Green Living: Finding Carbon Capture Champions, Steve Waller

Identify carbon capture champions, green living, U.P. holistic wellness publication, U.P. holistic wellness

There are champion trees quietly lurking in your neighborhood and your favorite forest. You probably never noticed them. They usually hide in the background, obscured by summer leaves. You didn’t know how to see them but now, before they hide again, it’s time you find and appreciate them. Winter’s ending. Get outdoors before the leaves sprout. Take the kids with you. They can help.

I’m sure you’ve heard that trees capture carbon dioxide (CO2) from the air. Half of dry wood is pure carbon from CO2. When you see trees, you are seeing captured CO2. Trees are carbon! Ten pounds of dry wood contains 5 pounds of pure carbon from CO2 (the rest is mostly oxygen and hydrogen). The magic of chemistry changes pure black carbon to all the beautiful colors of wood. But no matter the warm woody color, 50% of dry wood, by weight, is carbon captured from atmospheric CO2. Wood floors, furniture, cabinets, even house framing, are all 50% carbon.

You don’t need any math, measures, botany, or a degree in silviculture. Carbon capture champions are simply the heavyweights! Find the absolute heaviest-looking trees in your neighborhood. Height or girth is less important. Total weight is what counts. Other trees may be taller, but carbon champions have mass. The absolute heaviest looking trees store the most carbon.

How much CO2 do trees remove from air?

Take the weight of a tree’s carbon and multiply it by 3.67. Example: 500 pounds of carbon (from 1,000 pounds of dry wood) times 3.67, means trees remove 1,835 pounds of CO2 for every 1,000 pounds of dry wood. A single champion tree could weigh 15,000 pounds—that’s a lot of captured CO2!

You can spot champions from a distance, hiding among average trees. Champion branches are exceptionally thick, wide, and dark, easy to see even when hiding in the shroud of wimpy, wispy, young, leafless, wanna-be trees. Kids can easily spot big bold trees. That’s why you bring kids along.

Once you’ve found a potential champion, your phone camera can record the shape, size, and GPS location. You can even add a caption, so name it! Kids can help with that too. Don’t ID it to scientific species. Give it a name that means something to you. What does it remind you of? “Big boy”? “Mother tree”? “Large Leaner”? “Uncle Fred”? “The Sentinel”? Use your imagination. Then keep looking. You’ll discover more. Which is the absolute heaviest? Your pictures can help you rank them in weight order. Compare with friends to find your local grand champion. It’s fun.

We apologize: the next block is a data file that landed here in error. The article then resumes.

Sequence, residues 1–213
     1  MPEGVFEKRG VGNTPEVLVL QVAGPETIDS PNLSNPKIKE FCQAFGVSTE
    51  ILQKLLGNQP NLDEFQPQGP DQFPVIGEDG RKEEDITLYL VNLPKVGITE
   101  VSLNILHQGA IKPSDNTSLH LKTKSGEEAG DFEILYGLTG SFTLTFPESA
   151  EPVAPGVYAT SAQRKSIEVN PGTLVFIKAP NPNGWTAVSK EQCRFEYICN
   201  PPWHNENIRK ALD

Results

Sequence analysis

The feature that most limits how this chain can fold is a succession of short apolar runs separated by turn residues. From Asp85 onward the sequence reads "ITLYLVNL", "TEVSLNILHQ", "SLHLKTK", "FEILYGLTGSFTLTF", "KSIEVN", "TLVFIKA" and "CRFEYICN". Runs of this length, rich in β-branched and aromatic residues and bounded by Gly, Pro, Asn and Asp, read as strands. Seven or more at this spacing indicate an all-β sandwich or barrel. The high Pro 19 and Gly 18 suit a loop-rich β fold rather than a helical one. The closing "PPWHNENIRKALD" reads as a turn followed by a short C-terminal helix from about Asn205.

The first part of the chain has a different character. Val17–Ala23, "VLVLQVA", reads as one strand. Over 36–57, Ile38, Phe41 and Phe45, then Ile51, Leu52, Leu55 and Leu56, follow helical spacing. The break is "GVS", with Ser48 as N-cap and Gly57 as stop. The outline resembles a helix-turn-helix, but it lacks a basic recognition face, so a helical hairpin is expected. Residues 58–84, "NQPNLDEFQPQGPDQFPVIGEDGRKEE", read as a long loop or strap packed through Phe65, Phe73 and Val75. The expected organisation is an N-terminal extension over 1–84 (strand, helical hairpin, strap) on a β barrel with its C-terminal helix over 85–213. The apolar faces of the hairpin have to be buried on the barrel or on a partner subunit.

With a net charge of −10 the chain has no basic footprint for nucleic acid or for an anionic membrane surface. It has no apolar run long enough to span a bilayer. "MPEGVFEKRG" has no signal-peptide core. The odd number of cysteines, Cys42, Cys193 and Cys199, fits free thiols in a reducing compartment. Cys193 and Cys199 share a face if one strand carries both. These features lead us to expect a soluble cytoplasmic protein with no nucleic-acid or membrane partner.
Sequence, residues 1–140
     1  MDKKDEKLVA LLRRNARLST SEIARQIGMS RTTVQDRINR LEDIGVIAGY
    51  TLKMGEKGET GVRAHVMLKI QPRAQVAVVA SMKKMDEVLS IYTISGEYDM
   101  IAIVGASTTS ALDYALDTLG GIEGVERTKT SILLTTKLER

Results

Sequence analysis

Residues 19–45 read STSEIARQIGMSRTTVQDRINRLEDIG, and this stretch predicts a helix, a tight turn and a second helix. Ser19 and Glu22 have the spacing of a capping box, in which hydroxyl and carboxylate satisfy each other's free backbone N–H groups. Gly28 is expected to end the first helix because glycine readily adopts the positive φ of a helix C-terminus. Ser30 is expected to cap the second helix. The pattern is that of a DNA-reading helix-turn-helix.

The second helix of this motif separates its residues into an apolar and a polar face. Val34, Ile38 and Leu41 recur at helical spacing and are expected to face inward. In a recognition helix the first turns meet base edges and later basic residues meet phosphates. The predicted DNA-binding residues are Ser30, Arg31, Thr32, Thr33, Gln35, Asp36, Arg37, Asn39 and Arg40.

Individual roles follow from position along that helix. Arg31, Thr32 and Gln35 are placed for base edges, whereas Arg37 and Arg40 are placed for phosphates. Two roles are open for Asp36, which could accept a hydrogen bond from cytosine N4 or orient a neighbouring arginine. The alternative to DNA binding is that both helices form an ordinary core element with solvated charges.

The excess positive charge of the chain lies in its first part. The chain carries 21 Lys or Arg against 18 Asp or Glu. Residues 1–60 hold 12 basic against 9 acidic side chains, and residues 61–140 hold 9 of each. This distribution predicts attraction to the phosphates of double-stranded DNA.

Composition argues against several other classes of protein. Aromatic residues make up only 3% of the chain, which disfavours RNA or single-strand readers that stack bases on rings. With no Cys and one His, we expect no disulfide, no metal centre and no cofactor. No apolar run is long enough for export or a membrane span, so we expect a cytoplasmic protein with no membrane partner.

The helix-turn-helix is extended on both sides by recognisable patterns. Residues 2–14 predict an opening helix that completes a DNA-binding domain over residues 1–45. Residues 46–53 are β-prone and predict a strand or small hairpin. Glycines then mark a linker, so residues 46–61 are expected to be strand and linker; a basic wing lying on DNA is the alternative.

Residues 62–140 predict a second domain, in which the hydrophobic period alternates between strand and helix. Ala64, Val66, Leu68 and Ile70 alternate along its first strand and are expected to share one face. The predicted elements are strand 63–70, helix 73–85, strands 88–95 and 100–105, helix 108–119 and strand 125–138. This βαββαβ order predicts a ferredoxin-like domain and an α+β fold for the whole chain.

You may find that some of your heaviest trees aren’t in the woods.

Most, but not all, of the big forest trees have been logged. There are still some heavyweights hidden in protected areas, but your nearest champion could be a huge street tree in town, or an old farmyard tree that’s been growing for a century or more. Keep looking as you hike around and also as you drive your electric car. You never know when or where you’ll discover another champion.

It takes many decades to become a carbon capture champion. Recent studies found that big trees still capture carbon faster than young trees. That’s why carbon capture champions are so important for our climate future. Carbon champion trees are old but valuable, and need recognition. They capture and keep hundreds of years of CO2 out of the air. An old maple can store 300+ years of CO2.; white pine, 400 years; hemlock, 500 years; white cedars, over 1,000 years! Find the champions. Name them. Protect them. They’re helping you fight global warming.

Steve Waller’s family lives in a wind- and solar-powered home. He has been involved with conservation and energy issues since the 1970s and frequently teaches about energy. Steve can be reached at Steve@UPWallers.net.

Excerpted from the Spring 2022 issue of Health & Happiness U.P. Magazine. Copyright 2022, Empowering Lightworks, LLC. All rights reserved.

Leave a Reply

Fill in your details below or click an icon to log in:

WordPress.com Logo

You are commenting using your WordPress.com account. Log Out /  Change )

Twitter picture

You are commenting using your Twitter account. Log Out /  Change )

Facebook photo

You are commenting using your Facebook account. Log Out /  Change )

Connecting to %s